The Anonymous Widower

Whither Waterloo?

After looking at Waterloo International, I sat in a train before it left for Clapham Junction and it got me thinking about the future of Waterloo station.

It is busy as this extract from the Wikipedia entry shows.

With over 94 million passenger entries and exits between April 2011 and March 2012, Waterloo is Britain’s busiest railway station by passenger usage. The Waterloo complex is the 15th busiest passenger terminal in Europe, and the 91st busiest railway station in the world. It has more platforms and a greater floor area than any other station in the United Kingdom (though Clapham Junction, just under 4 miles (6 km) down the line, has the largest number of trains).

This Google Map shows how big and hemmed in on all sides, the station complex is.

Waterloo Station

Waterloo Station

It certainly has its problems.

1. Waterloo Station Doesn’t Have Enough Capacity For Trains

South West Trains want to run ten-car trains and the platforms need to be lengthened. That project is in the pipeline, but little seems to be happening.

They also want to bring the other four Eurostar platforms into use. As these platforms were built for the very long Eurostar Class 373 ytrains, they are a complete mismatch for the typical trains that South West Trains typically run.

2. The Lines Into Waterloo Need Sorting

If you increase the trains using the station, you’ll need to increase the capacity on the lines leading into the station.

3. Waterloo Station Doesn’t Have Enough Passenger Facilities

$25million has been spent on creating a retail balcony with shops and restaurants.

But I think that even this is proving not to be sufficient at busy times!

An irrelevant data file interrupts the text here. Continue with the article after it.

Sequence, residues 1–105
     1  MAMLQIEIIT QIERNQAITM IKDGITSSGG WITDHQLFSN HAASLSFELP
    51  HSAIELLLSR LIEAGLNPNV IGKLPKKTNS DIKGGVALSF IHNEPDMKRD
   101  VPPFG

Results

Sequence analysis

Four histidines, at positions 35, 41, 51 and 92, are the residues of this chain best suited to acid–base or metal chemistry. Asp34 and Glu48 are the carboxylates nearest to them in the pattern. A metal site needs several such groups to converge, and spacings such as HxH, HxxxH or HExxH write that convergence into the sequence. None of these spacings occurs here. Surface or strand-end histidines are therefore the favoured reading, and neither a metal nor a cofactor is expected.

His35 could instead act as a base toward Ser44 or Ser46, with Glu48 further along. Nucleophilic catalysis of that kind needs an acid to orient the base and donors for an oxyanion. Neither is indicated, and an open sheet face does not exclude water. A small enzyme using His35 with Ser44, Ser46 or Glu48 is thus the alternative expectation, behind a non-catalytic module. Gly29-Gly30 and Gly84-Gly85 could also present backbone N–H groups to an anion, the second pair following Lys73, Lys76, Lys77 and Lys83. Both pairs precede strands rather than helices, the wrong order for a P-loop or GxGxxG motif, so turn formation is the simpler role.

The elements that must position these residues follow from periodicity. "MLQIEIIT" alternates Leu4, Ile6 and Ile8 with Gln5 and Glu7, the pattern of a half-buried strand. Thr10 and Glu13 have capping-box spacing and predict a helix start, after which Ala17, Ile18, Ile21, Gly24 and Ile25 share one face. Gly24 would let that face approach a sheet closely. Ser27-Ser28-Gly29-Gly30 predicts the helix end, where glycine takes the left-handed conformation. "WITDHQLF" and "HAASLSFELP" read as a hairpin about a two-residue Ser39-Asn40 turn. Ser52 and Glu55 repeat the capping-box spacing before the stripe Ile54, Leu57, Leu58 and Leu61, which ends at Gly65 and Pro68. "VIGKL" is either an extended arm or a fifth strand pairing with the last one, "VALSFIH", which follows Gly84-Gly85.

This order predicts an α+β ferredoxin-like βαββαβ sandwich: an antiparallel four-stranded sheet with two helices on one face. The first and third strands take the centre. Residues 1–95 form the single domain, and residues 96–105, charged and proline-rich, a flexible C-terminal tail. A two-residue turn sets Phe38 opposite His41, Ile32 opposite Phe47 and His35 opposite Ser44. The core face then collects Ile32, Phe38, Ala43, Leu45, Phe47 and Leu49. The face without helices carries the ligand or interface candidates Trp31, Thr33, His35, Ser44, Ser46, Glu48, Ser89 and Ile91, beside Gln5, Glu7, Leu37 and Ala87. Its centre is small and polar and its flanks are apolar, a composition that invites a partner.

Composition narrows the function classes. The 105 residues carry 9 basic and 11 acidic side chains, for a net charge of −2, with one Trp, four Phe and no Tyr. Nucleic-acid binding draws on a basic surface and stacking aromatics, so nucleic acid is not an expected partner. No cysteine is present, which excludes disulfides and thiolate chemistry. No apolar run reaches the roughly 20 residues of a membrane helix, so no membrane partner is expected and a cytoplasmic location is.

4. The Underground And Waterloo And City Line Don’t Have Enough Capacity

Getting to Waterloo is not easy for people like me in East London and we’re not the only area of London, from where getting to Waterloo is difficult and often overcrowded.

There are two ways that Waterloo can go. Either you try and squeeze more and more trains and passengers into the existing sites or you reduce the number of both to fit the current facilities.

If Crossrail 2 is designed properly and built, it will have the following effects on Waterloo,

1. Reduce the number of trains needing to use Waterloo, by diverting trains and passengers into the tunnel at Wimbledon and then under Central London.

2. This will in turn, free up much-needed platform space and train paths.

3. As passengers will not be changing at Waterloo, but passing underneath on their way to Central London, the pressure will be taken off the station facilities.

If the Northern and Bakerloo Lines get some of proposed capacity increases, this will also take the pressure off Waterloo. But the one I’d improve would be the Waterloo and City Line and make it run 24/7.

There is also an unofficial proposal for Crossrail 3, which would link Waterloo and Euston via a tunnel.

Possibly! But let’s make full use of Thameslink, the East and West London Lines and Crossrail 2 first. I think that if we reorganise Old Oak Common and manage to get an extra track or two along the West London Line.

July 22, 2015 - Posted by | Travel | , , ,

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